Documentary Film Screening Wraps in Cincinnati

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After several months airing on public television stations across the country, the documentary, “Service: When Women Come Marching Home,” wrapped up its summer tour with one final screening event at the University of Cincinnati on Nov. 7.

The film, which features several women veterans and their transitions back to civilian life in the face of injury and illness, drew DAV’s support when it was released in 2012. “It tells such a powerful story. We felt it needed to be shared with as many people as possible—not just with women veterans, but with the American public and particularly with our lawmakers. The outpouring of support for this film shows how relevant and important this topic is,” said Deputy National Legislative Director Joy Ilem.

Last May, a DAV National Service Foundation grant sponsored the film’s distribution to public television and at special screening events in dozens of cities.

“Making this film available nationwide is a great example of what the Foundation is for,” said Board President Arthur H. Wilson. “We’re able to expand our reach to the community by telling the story of women veterans, educating the public and showing DAV stands ready to meet the needs of all injured and ill veterans.”

Anthony Louderback, an Army Reserve veteran and program coordinator for the Office of Student Veterans at the University of Cincinnati, said hosting the screening not only addresses the specific challenges women veterans face, but also helps bridge the gap between civilian students and those transitioning back from military life.

“We would like to raise awareness about the hardships women service members face, not only among the veteran population, but to everyone on campus,” said Louderback. “This documentary will be a powerful wake-up call to many Americans.”

The University of Cincinnati has historic ties to DAV and the veterans movement. DAV’s founder, Judge Robert S. Marx, graduated from the school’s College of Law before
serving in the Army in World War I, where he was injured and awarded the Distinguished Service Cross.

Teaching at the school is part of his living legacy. The Robert S. Marx Law Library on campus and a lecture series he initiated carry his name.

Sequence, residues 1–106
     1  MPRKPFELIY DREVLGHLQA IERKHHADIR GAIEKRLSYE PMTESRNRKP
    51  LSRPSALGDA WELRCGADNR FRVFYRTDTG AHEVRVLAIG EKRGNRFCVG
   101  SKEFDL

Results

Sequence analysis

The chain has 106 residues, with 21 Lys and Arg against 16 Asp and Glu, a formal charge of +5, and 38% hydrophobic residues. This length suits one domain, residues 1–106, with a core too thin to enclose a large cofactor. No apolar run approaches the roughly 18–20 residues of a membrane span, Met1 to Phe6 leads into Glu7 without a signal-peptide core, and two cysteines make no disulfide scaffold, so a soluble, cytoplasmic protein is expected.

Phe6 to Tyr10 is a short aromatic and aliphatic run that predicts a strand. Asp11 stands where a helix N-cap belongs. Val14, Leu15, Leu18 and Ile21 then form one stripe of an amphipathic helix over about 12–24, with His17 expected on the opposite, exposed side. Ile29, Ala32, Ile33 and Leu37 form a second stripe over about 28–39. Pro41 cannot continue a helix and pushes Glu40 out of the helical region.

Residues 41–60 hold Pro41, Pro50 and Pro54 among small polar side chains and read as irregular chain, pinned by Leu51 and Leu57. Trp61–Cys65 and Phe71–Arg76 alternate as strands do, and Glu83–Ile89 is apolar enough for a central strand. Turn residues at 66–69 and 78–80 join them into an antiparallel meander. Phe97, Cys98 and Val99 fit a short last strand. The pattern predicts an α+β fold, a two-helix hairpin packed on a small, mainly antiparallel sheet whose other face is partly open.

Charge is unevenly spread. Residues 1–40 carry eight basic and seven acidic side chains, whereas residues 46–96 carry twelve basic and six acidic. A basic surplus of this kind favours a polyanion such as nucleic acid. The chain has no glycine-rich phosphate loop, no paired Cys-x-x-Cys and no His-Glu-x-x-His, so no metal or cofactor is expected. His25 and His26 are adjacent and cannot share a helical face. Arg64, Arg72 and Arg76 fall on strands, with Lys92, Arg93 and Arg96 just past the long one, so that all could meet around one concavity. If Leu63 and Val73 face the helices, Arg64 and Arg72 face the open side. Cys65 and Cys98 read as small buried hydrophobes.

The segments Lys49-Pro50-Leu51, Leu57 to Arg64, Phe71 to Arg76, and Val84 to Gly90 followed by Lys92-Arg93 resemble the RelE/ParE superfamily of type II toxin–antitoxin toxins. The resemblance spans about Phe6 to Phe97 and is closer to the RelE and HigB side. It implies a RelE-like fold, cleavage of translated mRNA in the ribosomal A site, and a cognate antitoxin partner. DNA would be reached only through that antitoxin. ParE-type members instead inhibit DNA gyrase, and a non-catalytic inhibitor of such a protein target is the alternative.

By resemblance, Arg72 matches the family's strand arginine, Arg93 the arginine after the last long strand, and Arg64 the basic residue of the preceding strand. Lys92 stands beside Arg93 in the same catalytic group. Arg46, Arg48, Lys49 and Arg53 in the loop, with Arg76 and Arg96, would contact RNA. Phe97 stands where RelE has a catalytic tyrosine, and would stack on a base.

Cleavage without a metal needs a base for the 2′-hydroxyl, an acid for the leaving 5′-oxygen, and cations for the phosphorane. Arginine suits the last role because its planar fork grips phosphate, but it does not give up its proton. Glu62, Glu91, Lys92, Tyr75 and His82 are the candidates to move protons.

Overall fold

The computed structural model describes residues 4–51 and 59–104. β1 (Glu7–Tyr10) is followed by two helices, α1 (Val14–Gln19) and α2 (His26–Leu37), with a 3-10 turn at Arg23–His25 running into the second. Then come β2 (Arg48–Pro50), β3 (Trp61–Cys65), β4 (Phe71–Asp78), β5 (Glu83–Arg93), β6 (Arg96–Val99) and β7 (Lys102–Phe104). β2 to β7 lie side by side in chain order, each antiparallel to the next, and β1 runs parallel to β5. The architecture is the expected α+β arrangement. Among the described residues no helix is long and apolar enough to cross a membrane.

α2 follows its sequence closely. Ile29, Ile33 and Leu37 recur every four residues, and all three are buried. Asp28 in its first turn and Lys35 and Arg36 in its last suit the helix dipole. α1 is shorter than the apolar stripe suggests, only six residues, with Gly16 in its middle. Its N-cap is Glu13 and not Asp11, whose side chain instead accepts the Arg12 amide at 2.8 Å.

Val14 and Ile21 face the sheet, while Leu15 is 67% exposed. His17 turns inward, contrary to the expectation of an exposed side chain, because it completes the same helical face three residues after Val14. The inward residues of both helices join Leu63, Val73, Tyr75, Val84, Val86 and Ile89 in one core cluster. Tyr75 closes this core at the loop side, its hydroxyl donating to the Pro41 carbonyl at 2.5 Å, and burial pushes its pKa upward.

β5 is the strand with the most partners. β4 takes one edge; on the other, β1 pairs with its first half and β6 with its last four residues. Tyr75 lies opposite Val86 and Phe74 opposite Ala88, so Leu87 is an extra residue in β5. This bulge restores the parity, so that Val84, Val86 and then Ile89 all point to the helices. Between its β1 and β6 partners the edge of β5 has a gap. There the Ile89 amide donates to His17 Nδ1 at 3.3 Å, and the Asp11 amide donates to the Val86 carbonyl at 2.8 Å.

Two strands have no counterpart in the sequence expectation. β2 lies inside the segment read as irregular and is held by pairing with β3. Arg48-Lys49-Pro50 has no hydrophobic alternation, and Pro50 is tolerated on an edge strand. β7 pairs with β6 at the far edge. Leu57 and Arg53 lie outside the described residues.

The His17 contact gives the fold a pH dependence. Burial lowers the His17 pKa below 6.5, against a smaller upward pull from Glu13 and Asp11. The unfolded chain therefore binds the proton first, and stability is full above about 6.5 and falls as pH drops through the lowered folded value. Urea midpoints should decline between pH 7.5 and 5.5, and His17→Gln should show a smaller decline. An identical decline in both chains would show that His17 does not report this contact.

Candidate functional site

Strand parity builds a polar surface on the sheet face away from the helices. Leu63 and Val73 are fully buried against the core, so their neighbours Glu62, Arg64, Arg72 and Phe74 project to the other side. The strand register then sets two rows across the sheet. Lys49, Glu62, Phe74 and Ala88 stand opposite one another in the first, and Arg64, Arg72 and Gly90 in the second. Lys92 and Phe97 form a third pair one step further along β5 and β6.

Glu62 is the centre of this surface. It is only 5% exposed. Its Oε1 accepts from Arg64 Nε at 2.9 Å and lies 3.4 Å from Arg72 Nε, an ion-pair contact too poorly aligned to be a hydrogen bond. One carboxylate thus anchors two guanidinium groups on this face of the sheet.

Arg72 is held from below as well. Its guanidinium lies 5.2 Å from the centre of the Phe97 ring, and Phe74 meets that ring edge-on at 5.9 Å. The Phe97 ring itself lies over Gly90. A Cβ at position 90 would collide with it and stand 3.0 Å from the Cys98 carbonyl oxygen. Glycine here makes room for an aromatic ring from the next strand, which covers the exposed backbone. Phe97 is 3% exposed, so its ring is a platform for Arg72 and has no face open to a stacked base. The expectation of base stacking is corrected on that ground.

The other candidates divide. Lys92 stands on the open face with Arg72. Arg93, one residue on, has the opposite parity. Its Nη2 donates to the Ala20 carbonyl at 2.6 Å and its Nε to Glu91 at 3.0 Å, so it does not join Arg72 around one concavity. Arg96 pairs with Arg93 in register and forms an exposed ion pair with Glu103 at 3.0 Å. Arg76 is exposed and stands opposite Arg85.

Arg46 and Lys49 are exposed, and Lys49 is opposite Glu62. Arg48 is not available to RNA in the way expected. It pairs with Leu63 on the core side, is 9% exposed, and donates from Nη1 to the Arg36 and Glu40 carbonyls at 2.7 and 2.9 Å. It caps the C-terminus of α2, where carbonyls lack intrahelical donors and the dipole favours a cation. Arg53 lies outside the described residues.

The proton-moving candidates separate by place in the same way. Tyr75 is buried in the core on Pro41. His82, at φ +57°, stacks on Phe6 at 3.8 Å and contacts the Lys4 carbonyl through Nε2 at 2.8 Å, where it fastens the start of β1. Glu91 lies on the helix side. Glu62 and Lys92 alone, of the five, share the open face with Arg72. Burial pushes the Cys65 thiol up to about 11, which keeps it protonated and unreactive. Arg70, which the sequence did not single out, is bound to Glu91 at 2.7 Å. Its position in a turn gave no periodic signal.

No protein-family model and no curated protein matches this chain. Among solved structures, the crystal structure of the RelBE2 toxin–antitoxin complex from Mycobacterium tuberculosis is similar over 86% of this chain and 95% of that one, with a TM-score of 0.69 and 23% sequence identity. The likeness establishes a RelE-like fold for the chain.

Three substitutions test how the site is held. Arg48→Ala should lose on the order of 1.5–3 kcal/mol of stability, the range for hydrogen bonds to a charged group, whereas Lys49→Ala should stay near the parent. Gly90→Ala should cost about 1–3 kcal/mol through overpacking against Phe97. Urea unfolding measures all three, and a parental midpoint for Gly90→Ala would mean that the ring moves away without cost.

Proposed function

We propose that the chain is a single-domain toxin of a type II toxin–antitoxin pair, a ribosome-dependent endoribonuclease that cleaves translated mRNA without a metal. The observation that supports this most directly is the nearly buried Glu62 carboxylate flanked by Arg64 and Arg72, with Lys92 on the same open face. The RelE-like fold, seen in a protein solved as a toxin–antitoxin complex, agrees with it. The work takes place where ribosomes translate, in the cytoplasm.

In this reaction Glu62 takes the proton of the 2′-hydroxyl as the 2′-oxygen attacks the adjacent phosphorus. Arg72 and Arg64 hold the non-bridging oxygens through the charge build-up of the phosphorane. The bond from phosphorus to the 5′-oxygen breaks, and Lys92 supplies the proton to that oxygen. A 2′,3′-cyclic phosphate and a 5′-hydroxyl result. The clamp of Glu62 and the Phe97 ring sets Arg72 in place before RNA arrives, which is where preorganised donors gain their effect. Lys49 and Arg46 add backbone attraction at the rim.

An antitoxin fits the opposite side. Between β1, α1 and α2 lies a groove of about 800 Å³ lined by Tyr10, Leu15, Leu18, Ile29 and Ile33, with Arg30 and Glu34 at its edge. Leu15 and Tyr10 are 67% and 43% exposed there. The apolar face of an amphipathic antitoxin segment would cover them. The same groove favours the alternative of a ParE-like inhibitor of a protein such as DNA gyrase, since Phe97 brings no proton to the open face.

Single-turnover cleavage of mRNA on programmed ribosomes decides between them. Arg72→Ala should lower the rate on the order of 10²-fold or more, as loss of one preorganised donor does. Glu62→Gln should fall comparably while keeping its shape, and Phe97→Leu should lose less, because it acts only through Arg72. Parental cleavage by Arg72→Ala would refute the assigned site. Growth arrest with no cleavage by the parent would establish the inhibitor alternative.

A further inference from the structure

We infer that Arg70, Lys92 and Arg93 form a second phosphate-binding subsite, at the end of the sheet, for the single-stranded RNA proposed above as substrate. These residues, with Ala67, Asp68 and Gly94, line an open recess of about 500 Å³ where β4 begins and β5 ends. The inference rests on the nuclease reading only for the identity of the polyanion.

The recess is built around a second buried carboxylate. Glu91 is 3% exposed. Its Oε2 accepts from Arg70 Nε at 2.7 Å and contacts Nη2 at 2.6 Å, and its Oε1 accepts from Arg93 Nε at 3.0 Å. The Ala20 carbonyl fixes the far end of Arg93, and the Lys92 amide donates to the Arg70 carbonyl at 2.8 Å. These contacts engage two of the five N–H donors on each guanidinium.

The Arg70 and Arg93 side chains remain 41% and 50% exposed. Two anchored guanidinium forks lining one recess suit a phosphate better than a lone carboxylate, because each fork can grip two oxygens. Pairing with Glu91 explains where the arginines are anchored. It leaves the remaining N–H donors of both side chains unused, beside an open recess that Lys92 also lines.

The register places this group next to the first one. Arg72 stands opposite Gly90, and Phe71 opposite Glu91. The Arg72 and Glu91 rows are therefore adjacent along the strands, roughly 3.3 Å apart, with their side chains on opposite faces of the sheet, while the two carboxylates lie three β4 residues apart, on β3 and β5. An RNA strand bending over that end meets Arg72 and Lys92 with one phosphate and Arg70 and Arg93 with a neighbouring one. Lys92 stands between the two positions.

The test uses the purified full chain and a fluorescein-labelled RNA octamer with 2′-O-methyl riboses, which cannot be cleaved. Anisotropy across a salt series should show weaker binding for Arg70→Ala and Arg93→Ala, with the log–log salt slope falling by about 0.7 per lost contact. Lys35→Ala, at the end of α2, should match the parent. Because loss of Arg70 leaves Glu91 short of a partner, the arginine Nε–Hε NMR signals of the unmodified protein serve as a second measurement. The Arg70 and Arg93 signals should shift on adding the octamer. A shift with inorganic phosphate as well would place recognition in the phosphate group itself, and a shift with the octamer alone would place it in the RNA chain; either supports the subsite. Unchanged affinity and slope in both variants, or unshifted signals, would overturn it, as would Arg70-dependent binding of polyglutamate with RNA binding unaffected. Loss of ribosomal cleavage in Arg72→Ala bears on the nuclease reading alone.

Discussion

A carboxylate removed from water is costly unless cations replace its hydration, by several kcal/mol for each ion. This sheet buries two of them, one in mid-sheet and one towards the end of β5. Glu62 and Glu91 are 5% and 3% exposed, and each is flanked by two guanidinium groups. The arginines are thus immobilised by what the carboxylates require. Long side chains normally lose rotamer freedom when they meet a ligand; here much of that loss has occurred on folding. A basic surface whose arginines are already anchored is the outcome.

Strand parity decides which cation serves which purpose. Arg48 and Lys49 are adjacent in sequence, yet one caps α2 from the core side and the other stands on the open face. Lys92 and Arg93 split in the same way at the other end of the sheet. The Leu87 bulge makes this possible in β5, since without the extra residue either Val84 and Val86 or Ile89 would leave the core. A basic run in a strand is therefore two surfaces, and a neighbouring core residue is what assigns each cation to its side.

The screenings held during the summer months were hosted with the support of National Service Officers, who have been able to reach out directly to local communities. “Thanks to DAV, the seeds of this grassroots project were scattered across the nation through PBS broadcasts that reached 85 percent of American homes and live screenings in many cities,” said Patricia Lee Stotter, one of the film’s creators. “Therefore, our warriors, through the amazing eight women profiled in our film, have had an opportunity to be better  understood by all as they continue serving, in their fashion, courageously speaking out for the thousands and thousands of veterans who share the challenges they face.”

Stotter’s fellow filmmaker, Marcia Rock, noted that the collaboration with DAV has helped elevate the film’s message for the American public and the nation’s lawmakers. “Because of DAV’s support, we had a screening at the Senate and were then able to reach the VA and the politicians who are at the forefront of change for our women  vets,” said Rock. “DAV members are now taking the film to their congressional representatives.”

“Sometimes I have to pinch myself to believe that what started off as a labor of love became an integral part of a hugely important moment in history for veterans,” said Stotter. “Through all the platforms of this project, we addressed basic human rights issues through the lens of the largest growing demographic in the military: women.
Everyone can learn and take hope from the various paths these women found toward healing and reintegration upon returning home.”